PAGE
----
Laurence Stahl, left, past commander of Manuel E. Reams Post 182, and Richard Bluhm, current commander of Manuel E. Reams Post 182, stand next to a display case honoring the sacrifices of World War I at the Veterans Memorial Building in Suisun City, Tuesday, Aug. 30, 2022. The Manuel E. Reams Post 182 will be honored next week at the World War I Memorial. In between Stahl and Bluhm hangs a portrait of Manuel E. Reams. (Aaron Rosenblatt/Daily Republic)Laurence Stahl, left, past commander of Manuel E. Reams Post 182, and Richard Bluhm, current commander of Manuel E. Reams Post 182, stand next to a display case honoring the sacrifices of World War I at the Veterans Memorial Building in Suisun City, Tuesday, Aug. 30, 2022. The Manuel E. Reams Post 182 will be honored next week at the World War I Memorial. In between Stahl and Bluhm hangs a portrait of Manuel E. Reams. (Aaron Rosenblatt/Daily Republic) 

National WWI Memorial honors Reams American Legion Post for 5 days 

By Todd R. Hansen
via the Daily Republic newspaper (CA) web site

SUISUN CITY — Manuel E. Reams Jr. was a cattleman and former baseball player when he was drafted into the U.S. Army during World War I.

Manuel E. ReamsManuel E. ReamsKnown affectionately as Mannie, he also picked up the nickname “Babe” during his semi-pro baseball career from 1910 to 1915 – a time in which George Herman “Babe” Ruth was making a name for himself as a pitcher for the Boston Red Sox.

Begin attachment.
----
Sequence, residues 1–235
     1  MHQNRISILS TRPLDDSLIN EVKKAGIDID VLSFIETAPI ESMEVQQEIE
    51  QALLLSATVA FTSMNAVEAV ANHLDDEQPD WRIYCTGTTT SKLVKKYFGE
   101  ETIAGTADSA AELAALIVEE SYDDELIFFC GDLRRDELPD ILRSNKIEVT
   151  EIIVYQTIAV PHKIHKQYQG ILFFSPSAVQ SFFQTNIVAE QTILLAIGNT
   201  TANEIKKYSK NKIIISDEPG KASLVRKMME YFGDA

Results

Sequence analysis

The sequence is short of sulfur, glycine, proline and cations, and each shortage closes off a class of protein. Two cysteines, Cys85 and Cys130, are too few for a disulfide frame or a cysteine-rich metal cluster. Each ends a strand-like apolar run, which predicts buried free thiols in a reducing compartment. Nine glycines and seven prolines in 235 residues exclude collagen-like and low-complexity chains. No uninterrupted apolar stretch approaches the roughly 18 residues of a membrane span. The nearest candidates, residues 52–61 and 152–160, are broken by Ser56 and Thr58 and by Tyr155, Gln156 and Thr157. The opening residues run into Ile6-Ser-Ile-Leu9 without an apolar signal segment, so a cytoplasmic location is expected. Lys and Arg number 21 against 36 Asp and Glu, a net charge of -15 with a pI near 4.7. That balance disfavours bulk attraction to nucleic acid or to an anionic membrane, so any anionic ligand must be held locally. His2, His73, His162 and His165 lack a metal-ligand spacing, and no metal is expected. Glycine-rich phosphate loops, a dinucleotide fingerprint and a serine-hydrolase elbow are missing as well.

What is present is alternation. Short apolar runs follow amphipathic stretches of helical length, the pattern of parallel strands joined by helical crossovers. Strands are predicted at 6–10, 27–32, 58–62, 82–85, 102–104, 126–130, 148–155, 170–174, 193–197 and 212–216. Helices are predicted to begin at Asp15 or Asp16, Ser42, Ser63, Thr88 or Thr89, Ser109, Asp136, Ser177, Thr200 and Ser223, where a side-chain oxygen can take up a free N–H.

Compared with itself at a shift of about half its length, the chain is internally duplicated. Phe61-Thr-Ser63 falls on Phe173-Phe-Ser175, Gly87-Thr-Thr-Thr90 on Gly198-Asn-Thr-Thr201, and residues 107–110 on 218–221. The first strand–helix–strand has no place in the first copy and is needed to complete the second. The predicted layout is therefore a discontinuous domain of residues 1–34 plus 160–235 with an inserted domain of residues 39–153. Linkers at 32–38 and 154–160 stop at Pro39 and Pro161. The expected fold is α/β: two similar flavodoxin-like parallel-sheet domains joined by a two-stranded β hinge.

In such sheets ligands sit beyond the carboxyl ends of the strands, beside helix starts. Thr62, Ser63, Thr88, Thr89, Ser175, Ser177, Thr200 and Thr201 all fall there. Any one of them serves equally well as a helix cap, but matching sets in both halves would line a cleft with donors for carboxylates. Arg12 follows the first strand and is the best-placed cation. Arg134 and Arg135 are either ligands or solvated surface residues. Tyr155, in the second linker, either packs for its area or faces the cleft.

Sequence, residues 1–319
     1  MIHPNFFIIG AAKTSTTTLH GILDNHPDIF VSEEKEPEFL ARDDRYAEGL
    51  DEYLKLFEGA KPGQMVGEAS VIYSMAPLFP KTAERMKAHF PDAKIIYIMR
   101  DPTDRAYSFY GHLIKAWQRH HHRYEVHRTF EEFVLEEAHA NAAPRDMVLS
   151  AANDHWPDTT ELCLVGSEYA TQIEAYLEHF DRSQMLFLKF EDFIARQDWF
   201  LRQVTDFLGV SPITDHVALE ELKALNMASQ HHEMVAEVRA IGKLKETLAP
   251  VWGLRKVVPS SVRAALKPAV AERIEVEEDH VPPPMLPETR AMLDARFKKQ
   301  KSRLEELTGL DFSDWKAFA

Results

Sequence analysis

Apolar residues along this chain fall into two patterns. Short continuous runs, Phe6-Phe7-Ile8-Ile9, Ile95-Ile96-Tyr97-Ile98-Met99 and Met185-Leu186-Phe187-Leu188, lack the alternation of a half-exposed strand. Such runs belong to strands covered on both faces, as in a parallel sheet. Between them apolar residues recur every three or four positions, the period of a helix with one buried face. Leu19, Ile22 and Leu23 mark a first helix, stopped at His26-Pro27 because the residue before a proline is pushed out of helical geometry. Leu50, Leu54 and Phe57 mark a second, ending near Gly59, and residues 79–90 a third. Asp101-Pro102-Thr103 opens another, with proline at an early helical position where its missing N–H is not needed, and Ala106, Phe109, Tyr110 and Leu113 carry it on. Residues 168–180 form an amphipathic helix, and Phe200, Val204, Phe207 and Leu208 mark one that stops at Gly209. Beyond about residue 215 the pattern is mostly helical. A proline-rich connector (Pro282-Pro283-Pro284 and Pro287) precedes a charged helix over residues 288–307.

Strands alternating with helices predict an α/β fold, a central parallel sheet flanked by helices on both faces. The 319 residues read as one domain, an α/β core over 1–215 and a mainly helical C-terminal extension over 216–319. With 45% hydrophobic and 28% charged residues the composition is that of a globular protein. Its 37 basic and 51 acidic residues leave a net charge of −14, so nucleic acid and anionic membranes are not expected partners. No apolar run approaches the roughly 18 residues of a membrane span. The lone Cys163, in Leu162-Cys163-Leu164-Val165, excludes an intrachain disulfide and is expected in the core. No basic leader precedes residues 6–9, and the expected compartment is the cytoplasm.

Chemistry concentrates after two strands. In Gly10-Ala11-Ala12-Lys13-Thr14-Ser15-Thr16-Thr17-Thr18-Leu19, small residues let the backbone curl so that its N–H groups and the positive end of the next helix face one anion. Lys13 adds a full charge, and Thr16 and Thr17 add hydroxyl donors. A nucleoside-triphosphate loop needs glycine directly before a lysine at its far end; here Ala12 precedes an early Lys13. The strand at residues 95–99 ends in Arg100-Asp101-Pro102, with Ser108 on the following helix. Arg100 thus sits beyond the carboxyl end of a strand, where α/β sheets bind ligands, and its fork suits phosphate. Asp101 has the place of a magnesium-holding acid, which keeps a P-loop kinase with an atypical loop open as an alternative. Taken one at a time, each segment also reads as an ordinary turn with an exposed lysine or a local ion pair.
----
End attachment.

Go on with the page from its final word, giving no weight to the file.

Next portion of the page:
Reams would attend St. Mary’s College, where he played baseball, football, basketball and ran track, and finished his education at Santa Clara College, also playing baseball there. He eventually gave up baseball, got married and moved to Santa Rosa to raise cattle and other livestock.

He was called into the war in 1917.

Reams was wounded in the Meuse-Angonne offensive, a 47-day battle along the western front that started Sept. 26, 1918, and continued until the Armistice was declared at 11 a.m. Nov. 11, 1918.

Believed to have been killed, the Suisun City native was found wounded in a German dugout.

However, Reams would soon rejoin his unit in the Ypres (Flanders) region of Belgium and participated in the critical Ypres-Lys Offensive, believed by many war historians to have been the battle that led to the end of the war 12 days after the battle’s start.

But Reams did not see the end of the U.S.-British-Belgian-French offensive. He was killed Oct. 31, 1918, the first day of the battle, somewhere in a forest area near the town of Waereghem. He was 27.

Reams is buried in the Arlington National Cemetery in Virginia.

Fifteen months later, on the evening of Jan. 7, 1920, in the Odd Fellows Hall in Suisun City, 37 men who had served in the Army, Navy and Marine Corps during the Great War voted to create California American Legion Post 182 and named it after Reams.

That post, from Sept. 5-10, will be honored at 5 p.m. each evening with the playing of taps at the World War I Memorial in Washington, D.C.

Read the entire article on the Daily Republic web site here:

 

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